Linux Admin Help

StuartMc77
StuartMc77 used Ask the Experts™
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Hi all,

I have a lot of network experience but after a recent job change I am now learning to administer linux systems for the first time.  I'm not a complete Linux novice but please assume I don't know what you talking about when answering my question.

My first course of action here is to stop everyone having root access to the systems but not stop them doing what they need, here is how it works:

our linux servers run Centos V5.3
it runs apache, php, mysql and qmail
users need to work with the database and run php scripts and also edit crontabs
Basically I want to prevent them altering system files and adding/editing users

What do you recommend and how do I do it?
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hi,

create a login to them by using adduser
create a group and assign the created user in it and assign a group a right.


 
Top Expert 2007
Commented:
sudo is the tool you want.

Essentially you define each of the command/s a non-root user needs.

For example, if you want user fred to be able to edit root crontab, then you define a sudoers entry via the visudo command with

fred ALL= /usr/bin/crontab

Then when fred wants to list/change root's crontab, they do

sudo crontab -e

and type in their password (there's an option in sudoers to say whether a password is required or not)
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Asr

Commented:
Hi,
create a group with the permission they need for php,... and change security file that the group should be their standard permission.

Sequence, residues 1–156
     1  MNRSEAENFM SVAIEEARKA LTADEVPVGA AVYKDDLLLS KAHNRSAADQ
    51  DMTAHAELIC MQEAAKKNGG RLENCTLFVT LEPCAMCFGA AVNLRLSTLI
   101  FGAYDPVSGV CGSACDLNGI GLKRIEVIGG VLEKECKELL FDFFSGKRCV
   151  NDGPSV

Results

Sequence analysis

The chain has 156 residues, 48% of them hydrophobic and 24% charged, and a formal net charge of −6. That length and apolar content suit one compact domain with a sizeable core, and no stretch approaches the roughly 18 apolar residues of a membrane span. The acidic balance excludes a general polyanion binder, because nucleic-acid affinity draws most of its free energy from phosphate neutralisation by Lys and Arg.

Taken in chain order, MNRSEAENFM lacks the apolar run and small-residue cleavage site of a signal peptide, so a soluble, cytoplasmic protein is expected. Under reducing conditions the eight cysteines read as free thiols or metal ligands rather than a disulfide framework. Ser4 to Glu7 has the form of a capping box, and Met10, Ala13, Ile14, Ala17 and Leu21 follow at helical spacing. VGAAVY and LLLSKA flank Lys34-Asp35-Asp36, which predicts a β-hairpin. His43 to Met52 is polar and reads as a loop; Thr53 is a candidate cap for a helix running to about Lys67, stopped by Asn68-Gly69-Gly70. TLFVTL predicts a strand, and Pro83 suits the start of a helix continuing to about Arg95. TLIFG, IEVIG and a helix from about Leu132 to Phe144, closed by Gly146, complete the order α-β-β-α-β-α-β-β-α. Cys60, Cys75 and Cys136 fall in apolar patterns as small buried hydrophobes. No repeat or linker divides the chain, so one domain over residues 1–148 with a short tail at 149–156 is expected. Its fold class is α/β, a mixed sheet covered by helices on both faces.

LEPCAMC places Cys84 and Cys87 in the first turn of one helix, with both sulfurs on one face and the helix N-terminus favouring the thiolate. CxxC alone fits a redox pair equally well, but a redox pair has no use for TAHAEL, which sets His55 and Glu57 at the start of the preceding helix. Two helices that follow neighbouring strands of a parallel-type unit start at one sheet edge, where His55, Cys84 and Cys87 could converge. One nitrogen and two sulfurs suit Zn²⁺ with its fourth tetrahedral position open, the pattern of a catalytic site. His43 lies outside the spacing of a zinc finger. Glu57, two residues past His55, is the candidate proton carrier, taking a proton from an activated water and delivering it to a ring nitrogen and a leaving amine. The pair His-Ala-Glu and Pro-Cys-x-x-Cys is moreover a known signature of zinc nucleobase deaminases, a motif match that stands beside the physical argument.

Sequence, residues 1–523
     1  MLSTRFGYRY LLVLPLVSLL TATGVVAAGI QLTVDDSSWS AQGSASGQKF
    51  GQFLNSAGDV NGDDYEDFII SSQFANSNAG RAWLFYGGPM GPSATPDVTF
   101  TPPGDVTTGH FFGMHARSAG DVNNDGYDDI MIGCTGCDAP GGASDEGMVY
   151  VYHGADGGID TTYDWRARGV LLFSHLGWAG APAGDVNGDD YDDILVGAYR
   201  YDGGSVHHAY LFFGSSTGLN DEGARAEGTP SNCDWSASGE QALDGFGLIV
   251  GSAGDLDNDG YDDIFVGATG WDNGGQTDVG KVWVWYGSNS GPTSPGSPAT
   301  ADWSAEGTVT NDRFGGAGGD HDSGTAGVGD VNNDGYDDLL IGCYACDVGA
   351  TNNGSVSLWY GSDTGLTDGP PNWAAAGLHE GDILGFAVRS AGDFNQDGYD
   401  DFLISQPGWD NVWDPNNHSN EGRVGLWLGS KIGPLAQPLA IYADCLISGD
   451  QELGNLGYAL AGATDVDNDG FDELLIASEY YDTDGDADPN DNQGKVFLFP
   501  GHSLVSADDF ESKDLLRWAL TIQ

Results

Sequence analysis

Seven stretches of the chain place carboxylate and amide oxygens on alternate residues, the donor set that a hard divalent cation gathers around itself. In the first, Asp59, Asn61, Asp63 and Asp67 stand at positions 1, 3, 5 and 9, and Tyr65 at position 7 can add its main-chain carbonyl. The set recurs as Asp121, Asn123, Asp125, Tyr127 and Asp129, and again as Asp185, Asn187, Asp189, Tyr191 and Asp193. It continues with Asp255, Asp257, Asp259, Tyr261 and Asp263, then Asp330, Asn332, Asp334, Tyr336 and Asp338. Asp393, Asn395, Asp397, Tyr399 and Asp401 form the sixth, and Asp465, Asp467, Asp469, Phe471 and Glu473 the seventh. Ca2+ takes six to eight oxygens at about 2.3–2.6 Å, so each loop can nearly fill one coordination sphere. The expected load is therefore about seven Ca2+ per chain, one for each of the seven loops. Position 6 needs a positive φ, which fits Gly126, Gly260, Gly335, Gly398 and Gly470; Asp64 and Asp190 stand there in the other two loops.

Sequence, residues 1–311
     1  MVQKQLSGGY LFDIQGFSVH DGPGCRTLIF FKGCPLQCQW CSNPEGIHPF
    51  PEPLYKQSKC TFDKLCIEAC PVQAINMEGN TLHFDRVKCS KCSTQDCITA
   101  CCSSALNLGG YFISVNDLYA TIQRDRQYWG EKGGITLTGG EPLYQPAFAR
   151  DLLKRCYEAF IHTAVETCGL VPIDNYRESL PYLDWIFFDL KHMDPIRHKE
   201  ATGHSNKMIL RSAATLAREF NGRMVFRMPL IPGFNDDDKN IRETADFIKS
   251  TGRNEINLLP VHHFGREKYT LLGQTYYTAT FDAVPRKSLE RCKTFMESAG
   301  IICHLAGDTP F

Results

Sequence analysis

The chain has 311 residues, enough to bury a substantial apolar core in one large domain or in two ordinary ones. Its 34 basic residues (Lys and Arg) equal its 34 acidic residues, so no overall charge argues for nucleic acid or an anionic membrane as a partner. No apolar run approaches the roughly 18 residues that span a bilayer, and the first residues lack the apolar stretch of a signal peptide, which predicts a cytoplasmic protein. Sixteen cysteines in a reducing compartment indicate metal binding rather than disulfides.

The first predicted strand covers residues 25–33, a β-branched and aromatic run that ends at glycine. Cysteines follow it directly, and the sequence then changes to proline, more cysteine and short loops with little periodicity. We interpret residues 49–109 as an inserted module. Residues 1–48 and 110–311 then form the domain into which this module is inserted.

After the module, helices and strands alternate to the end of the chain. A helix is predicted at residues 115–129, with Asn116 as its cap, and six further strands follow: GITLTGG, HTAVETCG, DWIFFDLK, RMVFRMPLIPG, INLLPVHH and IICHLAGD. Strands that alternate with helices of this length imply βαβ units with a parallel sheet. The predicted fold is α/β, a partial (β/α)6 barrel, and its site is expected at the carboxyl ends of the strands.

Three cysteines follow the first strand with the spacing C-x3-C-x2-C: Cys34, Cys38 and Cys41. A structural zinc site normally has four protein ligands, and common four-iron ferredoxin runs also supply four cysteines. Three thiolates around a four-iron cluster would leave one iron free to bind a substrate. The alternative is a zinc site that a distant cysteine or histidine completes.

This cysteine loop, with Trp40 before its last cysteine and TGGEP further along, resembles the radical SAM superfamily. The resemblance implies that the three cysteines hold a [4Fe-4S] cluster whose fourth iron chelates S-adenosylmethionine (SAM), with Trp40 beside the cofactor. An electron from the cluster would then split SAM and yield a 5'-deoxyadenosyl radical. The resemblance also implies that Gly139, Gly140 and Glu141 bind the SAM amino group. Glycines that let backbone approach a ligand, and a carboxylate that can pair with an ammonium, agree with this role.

Author

Commented:
Thanks everyone... Tintin, where would I put the "fred ALL= /usr/bin/crontab" part?

Author

Commented:
also when I tried to use the sudo command it couldn't be found on the server... I did eventually find what I think is it in /usr/share/zsh/4.2.6/functions but named _sudo... I copied it to the /usr/bin as just sudo and change permissions to be able to use it but I just get "/usr/bin/sudo: line 4: arguments: command not found" now

Author

Commented:
it seems what I found was just a txt file explaining the arguments... where is or how do I install sudo?
Monis MontherSystem Architect
Commented:
For users to work with the database, they need accounts on the MySQL also

To do that

1- enter your mysql server as root

mysql -u root -p

Now under the mysql prompt run the following mysql commands

mysql> create user 'username'@'localhost' identified by 'some-password';
mysql> grant all privileges on DBname.* to 'username'@'localhost';
mysql> flush privileges;

The above commands will create the user username with no privileges then assign him all privileges to DBname, you can repeat the steps above for any user and DB you have

I am not sute under windows , but I guess its the same

Now if you enter to mysql with any of those users he will only see the DB he has access to

Author

Commented:
I figured out how to install sudo... simple really, "yum -y install sudo"

Sudo certainly seems to do what I need... Thanks for that...

the mysql user bit, thanks for that also... been a while since I've created users in MySQL...

Author

Commented:
I love this website... thanks guys.

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